This picture was snapped by Howard Keys whilst driving
his taxi down Leith. He was wondering what it is I sell.
King Pawn Rice.
Fried Liver sandwiches.
(that is enough of the catering jokes...Ed)
Things you know you are going to regret doing but you do it anyway No.34
I found one of last seasons score sheets. I filled
it in and posted it off to the league secretary.
A couple of books I was re-united with after a
visit to that massive book sale on George Street.
I was in the Army when this came out.
I borrowed it from the Army Library in 1970
and never handed it back.
I sold it to Sam Collins 32 years later.
I wonder what the overdue fine will be?
A good book covering his games from 1951 - 1969,
so of course no mention of Denver 1971. (don't mention the war).
It's a shame for Larsen, he played some great games
and won some strong tournaments but will forever be
remembered for the 6-0 drubbing from Fischer.
But it was not a drubbing. Most of games were hard fought
encounters with Larsen refusing draws chasing that elusive win.
In the last game this position arose. White (Larsen) to play.
White has a draw with 30.Nxe6 Bxe6 31.Rxd5 Bxd5 32.Qg5+ Qg7 (best)
33.Qd8+ Qf8 34.Qg5+ etc.
Instead Larsen, 3 pawns down, tried to win it with 30.Rf4?!.
Here is the full score of the 6th and final game.
[Click here to replay the game]
B.Larsen - R.Fischer
1.f4 c5 2.Nf3 g6 3.e4 Bg7 4.Be2 Nc6 5.0-0 d6 6.d3 e6 7.Na3 Nge7 8.c3 0-0 9.Be3 a6 10.d4 cxd4 11.Nxd4 b5 12.Nxc6 Nxc6 13.Qd2 Qc7 14.Rad1 Rd8 15.Nc2 Rb8 16.a3 Na5 17.e5 Bf8 18.b4 Nc6 19.Nd4 dxe5 20.fxe5 Nxe5 21.Bg5 Rd5 22.Qf4 Rb7 23.h4 Bg7 24.Bf6 Bxf6 25.Qxf6 Qxc3 26.h5 gxh5 27.Kh1 Ng4 28.Bxg4 hxg4 29.Qh6 Bd7 30.Rf4 f5 31.Qf6 Bc8 32.Rff1 Rf7 33.Qh6 Bb7 34.Nxe6 Qf6 35.Qe3 Re7 36.Rde1 Rd6 37.Qg5+ Qxg5 38.Nxg5 Rxe1 39.Rxe1 Bd5 40.Re8+ Kg7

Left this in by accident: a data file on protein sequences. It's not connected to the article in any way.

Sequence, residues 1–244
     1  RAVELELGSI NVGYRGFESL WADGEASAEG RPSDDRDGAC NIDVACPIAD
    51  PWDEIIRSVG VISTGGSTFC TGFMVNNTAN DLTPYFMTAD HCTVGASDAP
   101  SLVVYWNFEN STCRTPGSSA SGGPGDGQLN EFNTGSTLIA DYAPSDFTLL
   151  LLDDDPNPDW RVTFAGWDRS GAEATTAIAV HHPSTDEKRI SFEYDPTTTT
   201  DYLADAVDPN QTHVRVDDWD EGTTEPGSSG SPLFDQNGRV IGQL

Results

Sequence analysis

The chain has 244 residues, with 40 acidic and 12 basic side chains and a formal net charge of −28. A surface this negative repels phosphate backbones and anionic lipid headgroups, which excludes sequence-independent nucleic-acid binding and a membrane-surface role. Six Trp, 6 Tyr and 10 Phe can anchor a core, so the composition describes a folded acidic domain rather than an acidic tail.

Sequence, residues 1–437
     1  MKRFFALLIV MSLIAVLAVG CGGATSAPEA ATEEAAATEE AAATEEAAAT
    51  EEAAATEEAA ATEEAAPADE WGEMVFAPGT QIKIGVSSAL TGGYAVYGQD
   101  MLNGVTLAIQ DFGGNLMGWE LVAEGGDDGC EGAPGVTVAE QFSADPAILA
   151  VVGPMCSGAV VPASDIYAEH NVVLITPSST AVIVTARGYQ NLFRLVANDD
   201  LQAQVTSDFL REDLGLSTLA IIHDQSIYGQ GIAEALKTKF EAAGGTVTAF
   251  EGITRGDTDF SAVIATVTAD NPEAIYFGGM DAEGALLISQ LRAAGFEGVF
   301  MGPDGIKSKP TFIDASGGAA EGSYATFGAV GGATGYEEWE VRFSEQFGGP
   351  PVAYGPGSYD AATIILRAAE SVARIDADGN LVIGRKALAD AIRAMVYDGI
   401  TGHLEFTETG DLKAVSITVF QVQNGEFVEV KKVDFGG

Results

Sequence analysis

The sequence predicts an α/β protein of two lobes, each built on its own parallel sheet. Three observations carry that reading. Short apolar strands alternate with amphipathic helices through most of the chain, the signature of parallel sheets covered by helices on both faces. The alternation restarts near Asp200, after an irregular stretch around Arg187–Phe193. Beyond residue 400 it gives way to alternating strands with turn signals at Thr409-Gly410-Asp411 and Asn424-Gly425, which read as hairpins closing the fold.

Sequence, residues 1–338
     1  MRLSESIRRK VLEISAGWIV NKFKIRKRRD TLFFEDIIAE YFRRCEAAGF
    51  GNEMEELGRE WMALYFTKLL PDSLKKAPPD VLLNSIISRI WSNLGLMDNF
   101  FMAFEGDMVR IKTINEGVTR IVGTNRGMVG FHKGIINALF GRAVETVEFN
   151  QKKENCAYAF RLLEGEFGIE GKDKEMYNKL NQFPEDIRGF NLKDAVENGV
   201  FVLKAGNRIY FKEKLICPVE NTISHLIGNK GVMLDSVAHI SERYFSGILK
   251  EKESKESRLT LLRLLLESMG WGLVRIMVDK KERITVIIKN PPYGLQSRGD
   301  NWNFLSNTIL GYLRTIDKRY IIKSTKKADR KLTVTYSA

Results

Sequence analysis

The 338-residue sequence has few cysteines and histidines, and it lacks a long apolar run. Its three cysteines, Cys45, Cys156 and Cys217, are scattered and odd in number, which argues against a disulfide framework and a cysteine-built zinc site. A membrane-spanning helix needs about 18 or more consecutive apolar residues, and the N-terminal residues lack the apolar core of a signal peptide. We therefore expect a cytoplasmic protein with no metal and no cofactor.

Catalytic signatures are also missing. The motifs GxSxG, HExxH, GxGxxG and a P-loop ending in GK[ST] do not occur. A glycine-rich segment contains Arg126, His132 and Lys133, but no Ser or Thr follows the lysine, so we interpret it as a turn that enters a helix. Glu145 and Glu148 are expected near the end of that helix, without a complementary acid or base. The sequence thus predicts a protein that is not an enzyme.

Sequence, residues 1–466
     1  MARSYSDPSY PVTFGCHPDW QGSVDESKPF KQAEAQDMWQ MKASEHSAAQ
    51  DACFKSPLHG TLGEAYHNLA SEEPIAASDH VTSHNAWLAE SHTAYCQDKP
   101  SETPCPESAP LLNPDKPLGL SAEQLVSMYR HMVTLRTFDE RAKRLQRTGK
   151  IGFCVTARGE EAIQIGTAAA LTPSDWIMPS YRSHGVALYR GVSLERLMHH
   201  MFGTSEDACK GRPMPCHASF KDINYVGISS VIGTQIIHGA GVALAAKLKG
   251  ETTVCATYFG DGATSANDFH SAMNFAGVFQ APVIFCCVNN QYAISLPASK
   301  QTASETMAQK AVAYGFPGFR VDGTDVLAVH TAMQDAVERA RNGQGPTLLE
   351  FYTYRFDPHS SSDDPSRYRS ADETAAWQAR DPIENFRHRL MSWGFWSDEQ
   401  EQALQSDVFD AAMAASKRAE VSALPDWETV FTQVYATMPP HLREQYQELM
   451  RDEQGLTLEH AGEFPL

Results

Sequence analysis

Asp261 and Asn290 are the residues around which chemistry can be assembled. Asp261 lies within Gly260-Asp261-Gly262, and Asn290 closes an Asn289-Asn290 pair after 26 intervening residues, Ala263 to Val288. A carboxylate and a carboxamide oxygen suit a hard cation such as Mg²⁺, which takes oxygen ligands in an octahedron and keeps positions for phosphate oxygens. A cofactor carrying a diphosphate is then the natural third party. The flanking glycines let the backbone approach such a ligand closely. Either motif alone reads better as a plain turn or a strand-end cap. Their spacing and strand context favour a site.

I had a copy of this once and
broke cardinal rule No.1.
Never lend out a chess book.
I did this in 1980 to some beginner
who strolled into the Edinburgh Chess Club
and I never saw him again.
Some would say justice because I obtained the
Larsen book under dubious circumstances.
I wonder what happened to it?
Perhaps the one I bought was my original
copy and I have just bought it back.
This book contains the classic sentence when covering
the line, coined by Harding, the Dracula v Frankenstein variation.
1.e4 e5 2.Bc4 Nf6 3.Nc3 Nxe4 4.Qh5 Nd6 5.Bb3 Nc6.
(Note this position usually appears from a Vienna 2.Nc3 then 3.Bc4).
"The Nervous reader should avoid this line with either colour
and turn immediately to Chapter 7..."
T.D. then goes onto to give some of the most fantastic and complicated
variations ever seen on a chessboard and in most cases cannot come to a
conclusion if it is good for Black or White.
Of course when this was written in 1973 and T.D. never had the benefit
of a computer to help him out. I have found a game with this line
played between Z.Varga (2495) and B.Lalic (2600) from 1997.
It is interesting to watch Fritz's valuation chop and change
but on the whole, in this game at least, it favours White.
It ends in a perpetual.
[Click here to replay the game]
Z.Varga - B.Lalic
1.e4 e5 2.Nc3 Nf6 3.Bc4 Nxe4 4.Qh5 Nd6 5.Bb3 Nc6 6.Nb5 g6 7.Qf3 f5 8.Qd5 Qe7 9.Nxc7+ Kd8 10.Nxa8 b6 11.Nxb6 axb6 12.Qf3 Bb7 13.Qd1 Nd4 14.Kf1 f4 15.f3 e4 16.d3 exf3 17.gxf3 Bh6 18.c3 N4f5 19.Qe2 Qf6 20.Qf2 Kc7 21.Bd2 Bg5 22.h4 Ng3+ 23.Kg2 Bxh4 24.Bxf4 Nxh1 25.Bxd6+ Kxd6 26.Qxb6+ Bc6 27.Kxh1 Re8 28.d4 Bf2 29.Qb4+ Kc7 30.Qa5+ Kb7 31.Qb4+ Kc7 32.Qa5+ Kb7 33.Qb4+ Kc7
Do you recall the Lara Croft competition.
I made a mistake with Mike Chisholm's entry.
His attempt was not from one of his games. He played a combination
from the actual position that was on the actual board from
the original Croft/Dukem gif.
So he had to make up the game to get to the position and then
invented a combination. Such effort cannot go unrewarded.
So he wins the B & B Book.
Which brings me on nicely to this weeks competition.
I use to work in a an Origami shop... but it folded.
I have never seen a chess piece made from folded paper.
So the first person to send me a Rook made out of a £5.00 note
will receive this.
Ok I jest. But I do have a an extra copy of this which I bought for 50p.
Now this is THE BOOK.
62 games * ½ an hour on each one
= one very good chess player.
Yes it is in the old descriptive (1.P-K4 etc)
but do not let that put you off.
I say that this is the best book ever written
to turn a home and casual player into a good club player.
So the competition is this.
On the 2nd June there is a dinner
being given in honour of Jonathan Rowson.
(see Chess Scotland for the details)
What I want is a list of what is on the menu with a chess theme.
Something like I did at the beginning of this piece.
The best starter, main course and desert, wins the book.